Earth eventually recovered, but things were never the same again. 

As it’s often the case after any major extinction event, the planet reorganized itself, and new organisms evolved to fill the niche left behind by the mammals.

The devastating K-T extinction event paved the way for new evolutionary opportunities and shaped the future of life on Earth in significant ways.

The immediate aftermath of the extinction event was a period of widespread ecological chaos. 

Many ecological niches were left vacant due to the extinction of dinosaurs. 

The “nuclear winter,” which is accounted for in every scenario of the extinction event described above, caused some sort of global cooling, disrupted food chains, and reduced sunlight. 

The Alps reflected in the snowy Bachalsee Lake. | sangpil Jin via Getty Images

This, in turn, severely affected photosynthesis and ecosystems in the years that followed the extinction event.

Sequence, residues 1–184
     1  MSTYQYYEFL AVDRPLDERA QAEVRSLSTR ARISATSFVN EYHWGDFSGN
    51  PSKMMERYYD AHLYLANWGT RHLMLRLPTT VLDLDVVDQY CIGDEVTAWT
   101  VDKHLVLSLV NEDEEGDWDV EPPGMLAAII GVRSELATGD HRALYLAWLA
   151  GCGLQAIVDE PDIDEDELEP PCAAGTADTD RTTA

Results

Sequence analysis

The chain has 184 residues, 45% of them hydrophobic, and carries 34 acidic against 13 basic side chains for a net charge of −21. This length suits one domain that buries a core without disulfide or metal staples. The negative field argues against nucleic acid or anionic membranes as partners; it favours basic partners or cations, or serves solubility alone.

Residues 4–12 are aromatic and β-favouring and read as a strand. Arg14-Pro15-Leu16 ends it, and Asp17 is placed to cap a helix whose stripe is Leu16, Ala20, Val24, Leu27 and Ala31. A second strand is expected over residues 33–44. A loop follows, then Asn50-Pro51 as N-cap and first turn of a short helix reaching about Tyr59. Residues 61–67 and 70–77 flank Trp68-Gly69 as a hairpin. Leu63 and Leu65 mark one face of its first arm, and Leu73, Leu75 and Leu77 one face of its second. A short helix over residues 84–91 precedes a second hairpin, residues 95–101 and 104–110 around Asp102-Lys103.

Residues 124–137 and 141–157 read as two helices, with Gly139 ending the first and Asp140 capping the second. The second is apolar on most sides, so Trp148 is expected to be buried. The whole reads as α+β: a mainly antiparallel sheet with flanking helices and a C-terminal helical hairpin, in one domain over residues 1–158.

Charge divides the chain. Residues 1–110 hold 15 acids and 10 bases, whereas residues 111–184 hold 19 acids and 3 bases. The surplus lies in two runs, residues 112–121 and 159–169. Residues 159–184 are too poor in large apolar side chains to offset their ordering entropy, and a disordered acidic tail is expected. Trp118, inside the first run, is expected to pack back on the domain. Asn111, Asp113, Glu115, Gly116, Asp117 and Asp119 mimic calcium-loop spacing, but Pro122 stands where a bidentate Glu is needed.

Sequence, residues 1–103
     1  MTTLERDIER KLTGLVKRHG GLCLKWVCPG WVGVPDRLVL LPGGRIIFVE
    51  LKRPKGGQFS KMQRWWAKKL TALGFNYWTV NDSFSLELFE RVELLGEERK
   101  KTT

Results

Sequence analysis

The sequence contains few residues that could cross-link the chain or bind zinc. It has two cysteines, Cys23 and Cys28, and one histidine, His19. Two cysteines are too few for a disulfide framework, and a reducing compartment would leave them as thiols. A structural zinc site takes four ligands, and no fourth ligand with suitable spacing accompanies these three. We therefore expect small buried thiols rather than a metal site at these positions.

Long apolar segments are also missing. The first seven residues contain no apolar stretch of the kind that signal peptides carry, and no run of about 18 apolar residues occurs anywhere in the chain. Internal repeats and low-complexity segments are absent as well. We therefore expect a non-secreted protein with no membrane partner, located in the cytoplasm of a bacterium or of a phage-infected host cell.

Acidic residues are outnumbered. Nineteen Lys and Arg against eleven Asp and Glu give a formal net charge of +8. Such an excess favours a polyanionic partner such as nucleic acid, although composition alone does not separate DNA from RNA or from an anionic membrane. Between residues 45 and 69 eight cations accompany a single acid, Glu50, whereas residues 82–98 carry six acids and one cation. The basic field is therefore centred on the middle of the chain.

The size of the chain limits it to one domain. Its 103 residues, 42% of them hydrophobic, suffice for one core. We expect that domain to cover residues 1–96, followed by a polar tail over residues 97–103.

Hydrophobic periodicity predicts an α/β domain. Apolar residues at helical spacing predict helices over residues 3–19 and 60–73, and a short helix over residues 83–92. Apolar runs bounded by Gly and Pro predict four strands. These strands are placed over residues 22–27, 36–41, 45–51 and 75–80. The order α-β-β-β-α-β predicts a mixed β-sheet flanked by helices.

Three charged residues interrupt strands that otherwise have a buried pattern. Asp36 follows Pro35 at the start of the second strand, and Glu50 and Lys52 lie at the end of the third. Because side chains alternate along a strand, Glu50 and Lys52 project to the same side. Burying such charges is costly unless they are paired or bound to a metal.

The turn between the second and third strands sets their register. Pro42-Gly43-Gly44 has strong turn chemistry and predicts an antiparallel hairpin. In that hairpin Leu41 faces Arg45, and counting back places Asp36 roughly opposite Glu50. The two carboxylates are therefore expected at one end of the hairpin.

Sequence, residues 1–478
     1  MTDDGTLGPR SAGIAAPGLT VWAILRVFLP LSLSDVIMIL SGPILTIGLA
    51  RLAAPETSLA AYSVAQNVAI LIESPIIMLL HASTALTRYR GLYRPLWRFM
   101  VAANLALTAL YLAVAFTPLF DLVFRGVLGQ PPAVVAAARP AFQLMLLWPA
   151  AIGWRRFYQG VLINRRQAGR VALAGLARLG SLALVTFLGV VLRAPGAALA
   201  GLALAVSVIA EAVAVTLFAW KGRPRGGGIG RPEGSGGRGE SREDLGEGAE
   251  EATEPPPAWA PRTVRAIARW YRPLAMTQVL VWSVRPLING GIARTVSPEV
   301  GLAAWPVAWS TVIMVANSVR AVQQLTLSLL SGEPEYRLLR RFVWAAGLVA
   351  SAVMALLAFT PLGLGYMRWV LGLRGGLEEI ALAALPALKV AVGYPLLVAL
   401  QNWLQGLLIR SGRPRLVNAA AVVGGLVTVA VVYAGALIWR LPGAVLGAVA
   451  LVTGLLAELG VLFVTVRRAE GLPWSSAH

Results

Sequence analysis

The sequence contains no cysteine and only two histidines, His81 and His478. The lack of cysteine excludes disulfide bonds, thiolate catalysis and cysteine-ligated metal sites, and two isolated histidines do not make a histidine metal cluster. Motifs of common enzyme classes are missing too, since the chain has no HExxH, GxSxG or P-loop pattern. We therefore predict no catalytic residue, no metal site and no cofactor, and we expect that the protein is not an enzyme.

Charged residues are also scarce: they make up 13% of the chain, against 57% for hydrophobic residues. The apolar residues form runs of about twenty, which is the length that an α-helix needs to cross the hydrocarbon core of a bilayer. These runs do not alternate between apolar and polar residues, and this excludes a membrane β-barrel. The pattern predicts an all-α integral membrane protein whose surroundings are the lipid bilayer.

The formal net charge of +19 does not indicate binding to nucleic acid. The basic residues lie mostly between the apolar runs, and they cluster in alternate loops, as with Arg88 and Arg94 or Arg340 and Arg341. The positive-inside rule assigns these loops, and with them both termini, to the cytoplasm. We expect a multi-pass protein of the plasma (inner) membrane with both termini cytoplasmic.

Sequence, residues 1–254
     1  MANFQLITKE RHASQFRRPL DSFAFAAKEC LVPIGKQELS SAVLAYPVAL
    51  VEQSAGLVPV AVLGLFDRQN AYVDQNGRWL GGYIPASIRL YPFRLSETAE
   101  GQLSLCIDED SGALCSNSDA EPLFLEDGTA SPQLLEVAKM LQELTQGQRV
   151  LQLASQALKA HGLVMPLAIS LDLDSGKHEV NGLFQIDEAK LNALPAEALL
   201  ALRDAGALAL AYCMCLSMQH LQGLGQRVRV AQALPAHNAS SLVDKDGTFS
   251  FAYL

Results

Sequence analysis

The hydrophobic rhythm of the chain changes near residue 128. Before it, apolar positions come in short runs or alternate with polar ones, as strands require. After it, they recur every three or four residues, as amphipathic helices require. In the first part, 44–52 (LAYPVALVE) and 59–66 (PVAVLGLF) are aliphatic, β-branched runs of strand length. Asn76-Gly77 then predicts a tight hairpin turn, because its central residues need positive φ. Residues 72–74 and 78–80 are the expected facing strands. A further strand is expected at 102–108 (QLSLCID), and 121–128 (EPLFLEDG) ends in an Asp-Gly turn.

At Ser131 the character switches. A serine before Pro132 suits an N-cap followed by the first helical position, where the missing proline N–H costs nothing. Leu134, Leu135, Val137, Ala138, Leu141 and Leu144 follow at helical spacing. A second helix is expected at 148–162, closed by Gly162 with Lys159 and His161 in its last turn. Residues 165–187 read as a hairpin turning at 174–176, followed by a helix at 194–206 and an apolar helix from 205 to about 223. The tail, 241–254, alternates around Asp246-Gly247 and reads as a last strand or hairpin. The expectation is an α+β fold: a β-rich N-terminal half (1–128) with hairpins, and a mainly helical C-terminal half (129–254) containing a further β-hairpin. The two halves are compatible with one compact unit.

Mammals were arguably the biggest beneficiary of the extinction of the dinosaurs. 

They had lived alongside the dinosaurs for millions of years but remained relatively small and inconspicuous.

This relegated them to the very bottom of the Mesozoic food chain. 

With the extinction of large dinosaurs and other competitors, the mammals that survived gradually began diversifying into new forms.

These small, agile creatures began to fill roles once occupied by dinosaurs, which led to the development of mammals of varying body sizes, feeding strategies, and various forms of locomotion. 

The extinction event also impacted plant life. 

With the loss of large herbivores like sauropod dinosaurs, plants faced less grazing pressure as they recovered and diversified during the early Cenozoic Era. 

Sauropods | MR1805 via Getty Images

This, in turn, created new ecosystems and provided more diverse food sources for emerging herbivorous mammals.

But the replacement of dinosaurs by mammals as the dominant group isn’t the only significant change that happened after the K-Pg extinction. 

Several other groups of mammals diversified during this period too. 

For instance, other reptilian groups, such as lizards and snakes, survived the extinction. 

Over time they evolved into modern forms such as the monitor lizards, iguanas, and boas that still live today. 

The giant boid and madtsoiid snakes were the most dominant animals for a short period after the dinosaurs disappeared. 

The crocodiles were present as well, and many of them filled the vacant carnivorous niche left vacant by the dinosaurs.